Got a favorite garden tool you can’t do without? I’d like to hear about it. Tell me in the comment section on this page.

Happy Gardening!

Gardening Inspiration and Poetry

Flowers in Sinks

Herb Sink Gardening

April has been an interesting month for me because of dealing with vertigo. It’s been a new experience. Extreme spinning happens at hearing acute noises, seeing movements, or just sitting in a chair. One thing that has helped, however, is simply watering the garden, planting seeds, or pulling weeds. Every chance, whether twenty to thirty minutes or an hour spent in the garden, is a wonderful relief from vertigo episodes that last for hours or a whole day.

Spending time in the garden is the thing I like most about spring. Planting flowers, herbs and vegetables inspires the soul. Not only is it therapeutic. It’s an excellent way to get physical exercise.

Basil, pepper, and tomato plants were planted early this month. Seeds I’ve planted so far include beets, broccoli, chives, cilantro, dill, carrots, okra, peas and nasturtiums. Herbs such as lavender, lemon balm, lovage, mint and rosemary are already growing fast in my garden. Kitchen gardens are handy to grow. When cooking up a vegetable or marinating chicken, you just step outside the kitchen door, snip off a handful of herbs, rinse them and add to whatever you’re cooking.

April is National Poetry Month, and is hosting a poetry contest on the theme of “Place”. Co-hosting this contest is Poet Mary Langer Thompson, author of “Poems in Water”.

Inspire us with your own garden poetry. Why not write a poem about your favorite flowers and herb or vegetable garden? Write about your memories of your mother’s or grandmother’s garden.

Tomorrow is the deadline for submitting poems. Poems submitted for the contest will be considered for publishing on The contest details are listed on our High Desert Events page. Find out more by reading Poet Mary Langer Thompson’s “April is Poetry Month” blog post published April 1, 2015.

Since I love gardens, I can’t wait to read any gardening poems that come in for the contest. Hurry and submit your poems. You have until 11:59 pm, Monday, April 20, 2015 to email us your contest submissions. Don’t forget to read the details listed on our site, then email the poems to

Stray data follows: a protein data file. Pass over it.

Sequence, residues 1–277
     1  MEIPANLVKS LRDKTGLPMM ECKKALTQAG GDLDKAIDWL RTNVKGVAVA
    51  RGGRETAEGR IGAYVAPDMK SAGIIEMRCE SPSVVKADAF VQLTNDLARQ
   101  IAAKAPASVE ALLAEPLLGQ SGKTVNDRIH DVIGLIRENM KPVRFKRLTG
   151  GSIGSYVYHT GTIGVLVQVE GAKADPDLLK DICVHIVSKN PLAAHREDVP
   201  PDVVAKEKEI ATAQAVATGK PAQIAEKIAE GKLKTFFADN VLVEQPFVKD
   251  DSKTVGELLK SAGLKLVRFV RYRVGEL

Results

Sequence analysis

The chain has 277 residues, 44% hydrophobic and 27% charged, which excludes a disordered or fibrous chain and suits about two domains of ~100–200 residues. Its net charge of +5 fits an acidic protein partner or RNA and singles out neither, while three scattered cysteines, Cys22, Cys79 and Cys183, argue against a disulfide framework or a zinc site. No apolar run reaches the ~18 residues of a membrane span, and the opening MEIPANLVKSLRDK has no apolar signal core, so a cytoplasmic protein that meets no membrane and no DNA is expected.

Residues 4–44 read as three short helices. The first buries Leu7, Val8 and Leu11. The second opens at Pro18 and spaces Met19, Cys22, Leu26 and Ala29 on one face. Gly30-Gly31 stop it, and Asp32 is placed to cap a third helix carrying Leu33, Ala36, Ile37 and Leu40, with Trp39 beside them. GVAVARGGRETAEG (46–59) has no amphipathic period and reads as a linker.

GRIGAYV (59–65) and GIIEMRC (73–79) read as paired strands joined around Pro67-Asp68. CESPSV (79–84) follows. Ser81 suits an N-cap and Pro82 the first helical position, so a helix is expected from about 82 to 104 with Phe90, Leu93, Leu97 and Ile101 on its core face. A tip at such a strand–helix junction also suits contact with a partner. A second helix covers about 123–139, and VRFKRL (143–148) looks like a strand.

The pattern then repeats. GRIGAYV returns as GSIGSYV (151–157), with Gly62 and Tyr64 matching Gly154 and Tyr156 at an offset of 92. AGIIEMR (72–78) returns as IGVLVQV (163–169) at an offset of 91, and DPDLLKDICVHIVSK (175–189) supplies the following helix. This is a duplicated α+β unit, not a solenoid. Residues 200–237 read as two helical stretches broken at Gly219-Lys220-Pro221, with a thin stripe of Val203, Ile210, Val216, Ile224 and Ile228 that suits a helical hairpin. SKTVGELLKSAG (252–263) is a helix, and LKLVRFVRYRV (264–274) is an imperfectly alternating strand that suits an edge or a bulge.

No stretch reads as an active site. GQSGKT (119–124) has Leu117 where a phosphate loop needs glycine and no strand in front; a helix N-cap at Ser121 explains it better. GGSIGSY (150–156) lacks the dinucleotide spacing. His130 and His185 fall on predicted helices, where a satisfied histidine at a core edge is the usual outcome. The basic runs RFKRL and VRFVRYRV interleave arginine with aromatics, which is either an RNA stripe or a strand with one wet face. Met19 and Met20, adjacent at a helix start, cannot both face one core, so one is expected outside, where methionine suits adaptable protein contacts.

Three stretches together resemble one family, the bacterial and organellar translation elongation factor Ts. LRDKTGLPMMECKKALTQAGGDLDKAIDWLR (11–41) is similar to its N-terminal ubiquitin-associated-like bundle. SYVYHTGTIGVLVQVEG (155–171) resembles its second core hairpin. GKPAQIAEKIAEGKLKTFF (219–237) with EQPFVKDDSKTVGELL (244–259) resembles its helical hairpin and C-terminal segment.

One more thing about the contest – it’s FREE to enter! Not only that, we’re giving prizes to the winners. It’s our way of saying thank you for the comments you give us and for reading our blog.

Last Few Weeks Left of Fall Harvesting Before Freeze

If you are working your Fall Garden, it’s just about time to do the last harvesting before the freeze. Temperatures in the High Desert have been swinging lower at night. Then I came across this scarecrow that couldn’t scare a fly. Her days are over. But she’s still cute.

A Softer, Gentler “Shoo-crow” in the Morning

This can't be a scarecrow, so it must be a shoo-crow

This can’t be a scarecrow, so it must be a shoo-crow

What self-serving crow would take flight in fear when facing this adorable representation. I found this on the Internet last Autumn and it reminded me of the toddler-sized dancing rag dolls where children could slip their feet into an elastic band on the doll’s feet.

Who wouldn’t want to dance across the grassy yard with a light-footed blonde, and constantly beaming, partner, who knew all your steps. Yes, I had one, though it belonged to my younger sister, I would gleefully spin across the lawn under the English walnut tree. She didn’t have the same dancing images that I did. And, although I was a bit embarrassed to be dancing with a doll while nearly teen-aged, it seemed that the doll inspired me to just go for it.

Yet, here it was, attempting to scare away ravenous birds who just wanted to dive into the garden.

Scarecrows have been around in some form since Egyptians first netted their fields to catch flocks of quail in their fields. Greeks and Romans were the earliest to use human -styled scarecrows. In the Medieval era when anything that vexed you had to be demonic or sent by some evil-worshipping villager, they were using children as bird scarers.

Even as the Pilgrims were preparing their first meal with the First Americans, who taught them survival skills, the farmers were using what they knew from decades earlier. They had time to grow European corn and potatoes and carrots to offer at the first harvest dinner. The natives offered maize, squashes, and seeds, berries, and nuts , as well as fish, watercress, lobster, dried fruit, clams, venison, and plums. But, funnily enough, there is no research listing actual turkey but other fowl arrived on the platters.